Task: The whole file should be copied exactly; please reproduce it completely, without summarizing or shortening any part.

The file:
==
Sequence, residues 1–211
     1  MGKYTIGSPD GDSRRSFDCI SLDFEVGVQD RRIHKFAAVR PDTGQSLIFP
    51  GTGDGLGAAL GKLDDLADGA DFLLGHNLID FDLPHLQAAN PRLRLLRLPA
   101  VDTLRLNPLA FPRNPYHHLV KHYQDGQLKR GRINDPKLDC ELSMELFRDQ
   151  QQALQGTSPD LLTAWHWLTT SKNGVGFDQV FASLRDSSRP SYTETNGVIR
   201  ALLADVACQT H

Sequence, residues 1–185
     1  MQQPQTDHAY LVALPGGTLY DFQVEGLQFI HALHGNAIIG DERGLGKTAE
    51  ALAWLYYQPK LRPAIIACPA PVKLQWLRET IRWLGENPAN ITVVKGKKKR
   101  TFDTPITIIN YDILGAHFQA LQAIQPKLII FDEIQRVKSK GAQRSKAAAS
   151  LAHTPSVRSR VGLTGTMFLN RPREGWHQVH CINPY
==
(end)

Sequence, residues 1–211
     1  MGKYTIGSPD GDSRRSFDCI SLDFEVGVQD RRIHKFAAVR PDTGQSLIFP
    51  GTGDGLGAAL GKLDDLADGA DFLLGHNLID FDLPHLQAAN PRLRLLRLPA
   101  VDTLRLNPLA FPRNPYHHLV KHYQDGQLKR GRINDPKLDC ELSMELFRDQ
   151  QQALQGTSPD LLTAWHWLTT SKNGVGFDQV FASLRDSSRP SYTETNGVIR
   201  ALLADVACQT H

Sequence, residues 1–185
     1  MQQPQTDHAY LVALPGGTLY DFQVEGLQFI HALHGNAIIG DERGLGKTAE
    51  ALAWLYYQPK LRPAIIACPA PVKLQWLRET IRWLGENPAN ITVVKGKKKR
   101  TFDTPITIIN YDILGAHFQA LQAIQPKLII FDEIQRVKSK GAQRSKAAAS
   151  LAHTPSVRSR VGLTGTMFLN RPREGWHQVH CINPY